A Lot or a Little?
What you will—and won't—find in this book.
Breaking a familiar cycle is very difficult; it's much easier and less scary to stay in the cycle you know, even if you know it's not a good one. Instead of wondering why women stay in abusive relationships, we should wonder why men are abusive. Character isn't the mistakes you make, because everybody makes them; character is taking your mistakes and turning them into lessons, not excuses. There's no such thing as bad people; we're all just people who sometimes do bad things.
Positive Role Models
Lily is a model of compassion, perseverance, and empathy. She helps a schoolmate who doesn't have a place to live by giving him food, clothing, and shelter and doesn't judge him by his housing situation. She understands how other people feel and becomes better and putting herself in others' shoes. She works hard to achieve her dream and doesn't give up even when it's hard. Atlas is a good model of humility and integrity. Once he becomes successful he doesn't brag or make a big deal about it, he just keeps doing what he loves. He's very patient with Lily and never pressures her or acts inappropriately when she's not romantically available.
All characters read as cisgender, heteronormative, able bodied, neurotypical, and White. One minor character is gay.
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Violence & Scariness
Witnessing physical abuse throughout childhood is a strong theme. The narrator describes her father slapping, choking, attempting to rape, and knocking her mother to the floor. She also hears him beating a friend with a baseball bat and the sound of bones breaking. In the present the narrator is pushed down stairs, head butted, bitten, nearly raped, hit, and knocked down by her husband. Blood, pain, and fear are described without being gory. Mention of past suicidal thoughts and holding a razor to a wrist. A character reveals scars on the arms from receiving cigarette burns. Past instances of children accidentally shooting and killing a sibling. Sex is used to intimidate when a man arouses a woman by penetrating her with his fingers and while doing so pulling hard on her hair, squeezing her throat, and asking her questions out of jealousy.
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Sex, Romance & Nudity
Detailed, erotic descriptions of adults having sex mention genital and manual penetration, manual stimulation, thrusting, tremors, entering, pulling out, moaning, biting, tremors, jerking with release, a tongue on a breast, and detailed descriptions of kissing with tongue and caressing. Teen sex in the past is described vaguely with kissing and breathing. Characters talk and think a lot about romance and having sex. Condom use is mentioned once. Sex is used to intimidate when a man arouses a woman by penetrating her with his fingers and while doing so pulling hard on her hair, squeezing her throat, and asking her questions out of jealousy.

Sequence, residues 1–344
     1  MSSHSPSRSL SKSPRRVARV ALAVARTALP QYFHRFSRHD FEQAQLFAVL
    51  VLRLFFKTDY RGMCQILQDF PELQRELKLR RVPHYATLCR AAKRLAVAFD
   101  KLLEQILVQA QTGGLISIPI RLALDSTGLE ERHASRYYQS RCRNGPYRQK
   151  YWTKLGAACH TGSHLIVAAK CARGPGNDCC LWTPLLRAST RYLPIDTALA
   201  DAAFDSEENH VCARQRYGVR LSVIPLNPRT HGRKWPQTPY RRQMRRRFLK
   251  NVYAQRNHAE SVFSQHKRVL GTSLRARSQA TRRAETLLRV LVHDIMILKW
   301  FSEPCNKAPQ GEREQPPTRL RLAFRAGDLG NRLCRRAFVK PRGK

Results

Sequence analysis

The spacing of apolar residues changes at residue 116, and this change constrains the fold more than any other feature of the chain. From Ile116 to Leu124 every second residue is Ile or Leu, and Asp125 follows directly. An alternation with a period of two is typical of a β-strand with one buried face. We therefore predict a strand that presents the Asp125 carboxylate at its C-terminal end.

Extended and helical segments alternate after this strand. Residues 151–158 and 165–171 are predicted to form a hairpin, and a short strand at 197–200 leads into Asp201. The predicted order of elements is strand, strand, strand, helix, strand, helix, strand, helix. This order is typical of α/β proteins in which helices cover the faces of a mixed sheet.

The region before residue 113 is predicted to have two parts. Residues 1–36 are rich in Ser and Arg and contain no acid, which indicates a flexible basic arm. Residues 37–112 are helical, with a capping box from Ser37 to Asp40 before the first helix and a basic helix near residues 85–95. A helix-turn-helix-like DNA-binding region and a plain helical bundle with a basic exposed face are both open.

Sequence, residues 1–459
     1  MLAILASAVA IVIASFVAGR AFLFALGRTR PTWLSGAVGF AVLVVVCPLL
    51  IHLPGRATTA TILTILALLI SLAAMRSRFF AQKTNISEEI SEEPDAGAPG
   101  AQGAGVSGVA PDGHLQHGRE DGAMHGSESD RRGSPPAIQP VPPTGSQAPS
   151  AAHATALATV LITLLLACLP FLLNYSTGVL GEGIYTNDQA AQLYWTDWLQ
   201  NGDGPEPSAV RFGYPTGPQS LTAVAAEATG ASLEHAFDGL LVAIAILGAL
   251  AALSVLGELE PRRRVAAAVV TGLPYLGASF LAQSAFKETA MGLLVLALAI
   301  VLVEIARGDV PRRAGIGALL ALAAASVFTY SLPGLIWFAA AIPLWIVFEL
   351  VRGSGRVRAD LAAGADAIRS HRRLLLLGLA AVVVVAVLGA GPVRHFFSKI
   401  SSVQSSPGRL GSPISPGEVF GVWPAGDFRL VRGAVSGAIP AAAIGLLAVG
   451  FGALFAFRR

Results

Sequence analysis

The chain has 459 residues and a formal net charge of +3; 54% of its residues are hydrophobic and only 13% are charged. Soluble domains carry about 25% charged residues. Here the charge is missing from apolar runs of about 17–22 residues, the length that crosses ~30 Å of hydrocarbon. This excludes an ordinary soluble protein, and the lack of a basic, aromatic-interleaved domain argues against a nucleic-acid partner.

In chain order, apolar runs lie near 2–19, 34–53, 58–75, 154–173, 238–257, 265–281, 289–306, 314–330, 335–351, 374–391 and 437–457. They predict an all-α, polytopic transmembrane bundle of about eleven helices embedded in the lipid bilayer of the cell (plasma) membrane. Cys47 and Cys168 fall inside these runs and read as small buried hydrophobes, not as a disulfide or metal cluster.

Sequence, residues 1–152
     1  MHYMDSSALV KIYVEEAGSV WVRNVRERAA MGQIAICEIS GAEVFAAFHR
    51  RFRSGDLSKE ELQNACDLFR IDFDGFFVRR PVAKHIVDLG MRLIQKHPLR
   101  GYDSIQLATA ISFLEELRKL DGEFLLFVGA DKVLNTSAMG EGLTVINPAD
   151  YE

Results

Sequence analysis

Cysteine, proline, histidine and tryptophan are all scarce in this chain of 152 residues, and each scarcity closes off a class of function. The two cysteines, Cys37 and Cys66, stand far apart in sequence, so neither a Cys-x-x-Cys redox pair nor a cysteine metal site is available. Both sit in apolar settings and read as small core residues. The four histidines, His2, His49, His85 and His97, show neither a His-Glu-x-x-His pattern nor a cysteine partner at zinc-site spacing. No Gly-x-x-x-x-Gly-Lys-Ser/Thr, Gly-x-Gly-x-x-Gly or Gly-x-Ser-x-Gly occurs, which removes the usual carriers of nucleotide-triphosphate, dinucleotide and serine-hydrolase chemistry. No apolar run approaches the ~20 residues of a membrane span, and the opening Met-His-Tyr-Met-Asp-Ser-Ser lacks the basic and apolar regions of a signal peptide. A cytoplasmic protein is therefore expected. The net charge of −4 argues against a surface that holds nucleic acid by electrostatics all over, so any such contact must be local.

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"F--k," "s--t," "d--k," "c--k," "dammit," "bitch," "whore," "asshole," "boobs," "crap," "Jesus," "Jesus Christ," and "holy hell."
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Products & Purchases
Rare, incidental mentions of consumer products, usually to establish character.
Drinking, Drugs & Smoking
Adults occasionally drink wine and beer, not to excess but mild drunken behavior is shown. A few times drinking hard liquor or drinking to excess happen and result in violence. A character smokes marijuana once.
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Parents Need to Know
Parents need to know that It Ends With Us is a contemporary romance by popular author Colleen Hoover, who has attracted a lot of attention from book influencers on TikTok. This adult book is not marketed to teens, there's a lot of teen appeal here, not just in the sexy stuff but also in the extended passages from the narrator's high school diary. Sexual content includes erotic and specific descriptions of sex between adults including genital and manual penetration, manual stimulation, thrusting, tremors, entering, pulling out, jerking with release, and more. Sex in the past between teens is described vaguely mentioning only kissing and breathing. Domestic violence is a very strong theme, with the narrator remembering growing up seeing her father hit and abuse her mother many times, including almost raping her mother once. As an adult the narrator experiences abuse at the hands of her husband like being pushed down stairs, pushed or knocked against hard surfaces, and needing stitches after being head-butted. Sexual stimulation is used to intimidate by being threatening while causing sexual arousal. A past thought of suicide mentions holding a razor to a wrist. A character shows arms scarred with marks from cigarette burns. Strong language includes "s--t," "c--k," "d--k," and "f--k." A character smokes marijuana once. Adults drink beer and wine with some tipsiness shown. Excess drinking and drinking hard liquor are always followed by violence. An author's note at the end lists a resource for victims of domestic violence and a link to resources for people who are unhoused.
Is It Any Good?
The writing in this contemporary romance is a bit uneven, with corny, overused phrases and predictable cliches. Author Colleen Hoover is at her strongest, though, in the diary entries the narrator reads from when she was 15 years old. They add a lot of emotional honesty to It Ends With Us, and make narrator Lily easy to understand and root for.
Of course the sexy stuff has built-in appeal, but teens will also enjoy imaging what their own lives might become after high school. And the author's honest treatment of tough subjects like being unhoused and domestic violence will foster empathy and understanding, and add depth to what would otherwise be a pretty standard romance novel.
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